Alpine Ski Racing’s Oldest Medallist Johan Clarey Retires At 42

Julia Schneemann | | Industry NewsIndustry News
Johan Clarey
Johan Clarey retires aged 42. | Picture: Johan Clarey Instagram Page

French ski racer Johan Clarey, the oldest skier to podium at a FIS World Cup, the Winter Olympics, and the FIS World Championship, has retired at age 42. In a career that began in Lake Louise, Canada, in November 2003, Clarey competed in four Winter Olympics and six World Championships.

Last week’s FIS World Cup Finals marked his last competitive Downhill race, and the French skier finished in 12th, with Austrian Vincent Kriechmayr winning the event. For the race, Clarey wore a special helmet designed for him by his team and his sponsor Uvex, which featured depictions of some of the skier’s achievements, such as his recent podium in Kitzbühel, his tally of his 246 World Cup starts, as well as the number 161.9, which reflects his record speed in kilometers per hour (slightly over 100 miles per hour), which he set in 2013 in the Downhill in Wengen, Switzerland.

Aside from the aforementioned speed record, Johan Clarey holds several age-related records. Last year, when Clarey won Olympic Silver in Beijing in Downhill one-tenth of a second behind Switzerland’s Beat Feuz, he became the oldest Olympic Alpine skiing medalist. Previously that record was held by America’s Bode Miller, who was 36 when he tied for Bronze in Super-G at the 2014 Olympic Games in Sochi, Russia.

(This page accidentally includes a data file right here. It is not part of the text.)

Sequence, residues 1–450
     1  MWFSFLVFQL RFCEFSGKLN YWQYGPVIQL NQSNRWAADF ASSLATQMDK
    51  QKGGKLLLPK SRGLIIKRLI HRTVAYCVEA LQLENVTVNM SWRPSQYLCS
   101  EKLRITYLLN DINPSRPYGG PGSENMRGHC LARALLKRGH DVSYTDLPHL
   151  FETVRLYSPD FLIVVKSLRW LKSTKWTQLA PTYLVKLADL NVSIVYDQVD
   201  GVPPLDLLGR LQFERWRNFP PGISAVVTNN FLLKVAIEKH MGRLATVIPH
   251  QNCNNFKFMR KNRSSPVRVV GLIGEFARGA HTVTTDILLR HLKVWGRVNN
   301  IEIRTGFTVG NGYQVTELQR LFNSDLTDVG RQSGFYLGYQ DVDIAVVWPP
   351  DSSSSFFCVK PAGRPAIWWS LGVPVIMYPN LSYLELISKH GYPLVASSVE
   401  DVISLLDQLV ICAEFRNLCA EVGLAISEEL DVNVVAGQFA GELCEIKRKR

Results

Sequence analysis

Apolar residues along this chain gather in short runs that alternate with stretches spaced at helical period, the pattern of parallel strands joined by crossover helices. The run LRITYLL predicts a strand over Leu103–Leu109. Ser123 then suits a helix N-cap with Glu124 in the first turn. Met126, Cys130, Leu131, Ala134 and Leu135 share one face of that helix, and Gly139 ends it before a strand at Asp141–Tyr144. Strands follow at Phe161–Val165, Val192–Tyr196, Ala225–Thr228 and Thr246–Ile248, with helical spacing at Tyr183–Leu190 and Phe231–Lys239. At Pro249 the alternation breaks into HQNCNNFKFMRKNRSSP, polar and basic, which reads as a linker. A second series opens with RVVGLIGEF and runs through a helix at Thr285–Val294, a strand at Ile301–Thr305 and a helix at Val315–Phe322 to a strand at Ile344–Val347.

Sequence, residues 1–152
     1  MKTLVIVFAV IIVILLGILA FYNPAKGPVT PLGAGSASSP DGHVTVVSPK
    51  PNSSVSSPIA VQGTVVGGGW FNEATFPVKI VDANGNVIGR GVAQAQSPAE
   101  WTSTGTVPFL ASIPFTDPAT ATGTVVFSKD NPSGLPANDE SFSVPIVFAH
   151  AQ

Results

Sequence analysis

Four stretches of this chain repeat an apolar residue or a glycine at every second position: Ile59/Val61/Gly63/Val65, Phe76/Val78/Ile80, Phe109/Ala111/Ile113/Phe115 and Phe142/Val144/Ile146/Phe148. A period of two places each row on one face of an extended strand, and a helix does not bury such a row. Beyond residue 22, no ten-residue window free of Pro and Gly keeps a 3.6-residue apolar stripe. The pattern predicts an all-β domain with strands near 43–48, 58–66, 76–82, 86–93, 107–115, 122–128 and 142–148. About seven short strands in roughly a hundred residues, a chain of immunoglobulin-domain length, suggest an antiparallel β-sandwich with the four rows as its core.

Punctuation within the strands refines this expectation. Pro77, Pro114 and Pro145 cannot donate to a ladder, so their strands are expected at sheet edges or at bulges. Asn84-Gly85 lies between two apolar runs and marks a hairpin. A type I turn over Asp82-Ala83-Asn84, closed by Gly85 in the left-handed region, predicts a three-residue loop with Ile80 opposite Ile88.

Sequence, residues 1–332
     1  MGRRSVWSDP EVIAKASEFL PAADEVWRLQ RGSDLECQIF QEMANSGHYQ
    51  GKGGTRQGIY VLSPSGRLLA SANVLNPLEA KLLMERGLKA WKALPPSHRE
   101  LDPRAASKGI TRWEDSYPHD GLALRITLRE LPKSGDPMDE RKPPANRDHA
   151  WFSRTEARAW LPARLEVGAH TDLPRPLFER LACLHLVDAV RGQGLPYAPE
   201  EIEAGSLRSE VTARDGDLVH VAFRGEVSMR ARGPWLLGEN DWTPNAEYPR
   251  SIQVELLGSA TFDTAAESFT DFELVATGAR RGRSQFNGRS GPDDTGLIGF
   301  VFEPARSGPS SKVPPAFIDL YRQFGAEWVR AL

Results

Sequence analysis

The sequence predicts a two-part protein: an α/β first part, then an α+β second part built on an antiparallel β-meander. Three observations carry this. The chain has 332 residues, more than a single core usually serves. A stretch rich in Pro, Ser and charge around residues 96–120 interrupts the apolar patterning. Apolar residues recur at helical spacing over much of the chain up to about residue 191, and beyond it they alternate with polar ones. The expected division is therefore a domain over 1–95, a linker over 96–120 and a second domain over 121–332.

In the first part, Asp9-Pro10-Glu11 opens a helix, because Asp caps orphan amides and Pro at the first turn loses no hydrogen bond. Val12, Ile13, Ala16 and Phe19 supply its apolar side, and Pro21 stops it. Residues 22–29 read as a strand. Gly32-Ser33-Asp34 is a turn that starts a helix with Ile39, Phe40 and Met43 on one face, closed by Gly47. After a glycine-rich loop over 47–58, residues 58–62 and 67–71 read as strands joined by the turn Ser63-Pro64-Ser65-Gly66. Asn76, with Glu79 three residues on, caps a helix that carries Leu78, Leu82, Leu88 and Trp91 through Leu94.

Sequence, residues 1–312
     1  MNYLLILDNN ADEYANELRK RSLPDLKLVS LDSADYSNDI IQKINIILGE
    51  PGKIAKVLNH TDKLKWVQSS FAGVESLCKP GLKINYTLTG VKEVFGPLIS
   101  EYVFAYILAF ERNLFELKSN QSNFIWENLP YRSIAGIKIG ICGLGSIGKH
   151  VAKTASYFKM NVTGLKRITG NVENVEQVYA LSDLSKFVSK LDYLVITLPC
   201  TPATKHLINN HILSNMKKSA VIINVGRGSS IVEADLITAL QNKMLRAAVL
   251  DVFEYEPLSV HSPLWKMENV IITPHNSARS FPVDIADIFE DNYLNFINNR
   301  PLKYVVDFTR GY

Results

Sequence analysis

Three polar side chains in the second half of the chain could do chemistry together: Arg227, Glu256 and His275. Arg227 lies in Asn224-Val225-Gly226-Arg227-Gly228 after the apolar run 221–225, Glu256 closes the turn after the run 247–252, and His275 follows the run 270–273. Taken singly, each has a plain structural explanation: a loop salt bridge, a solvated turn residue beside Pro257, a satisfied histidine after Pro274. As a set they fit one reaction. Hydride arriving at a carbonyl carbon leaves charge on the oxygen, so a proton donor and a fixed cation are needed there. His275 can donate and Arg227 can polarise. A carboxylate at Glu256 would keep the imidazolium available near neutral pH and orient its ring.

The podium from the 2022 Olympic Downhill in Beijing; 1st – Beat Fuez (SUI), 2nd – Johan Clarey (FRA), 3rd – Matthias Mayer (AUT). Photo: Julian Finney / Getty Images.

The French ski racer also became the oldest World Championships medalist when he won Silver in the Super-G in Åre, Sweden, in 2019 at 39. This year, Clarey came second at the most famous annual Downhill race — the Hahnenkamm downhill in Kitzbuehel, Austria — and became the oldest Alpine skier at 42 years and 13 days of age to make a World Cup podium — another number featured on the Uvex helmet. The previous record was held by Clarey himself at 41 and 40.

“I did everything late in my life since I was a young boy. That’s what my mother said, I take two times as long as others to do everything. Walking, speaking, so apparently for my sports career it’s quite the same,” the Frenchman said in an interview after his Olympic medal.

He may have considered retiring in 2017 when his friend and teammate David Poisson died in a training run in Canada, but Clarey pushed on and dedicated his Olympic Silver to his late friend in 2022. The French skier admits that he still thinks of David often. He was undoubtedly on Clarey’s mind on his last World Cup race in Soldeu, Andorra. 

“It was really emotional this morning at the start,” Clarey admits in an interview with FIS after the race, “I had a lot of good vibes from the athletes, and I almost cried a couple of times. But I focused and managed a good race. I’m happy with my 12th place. Now I am just a tourist.”

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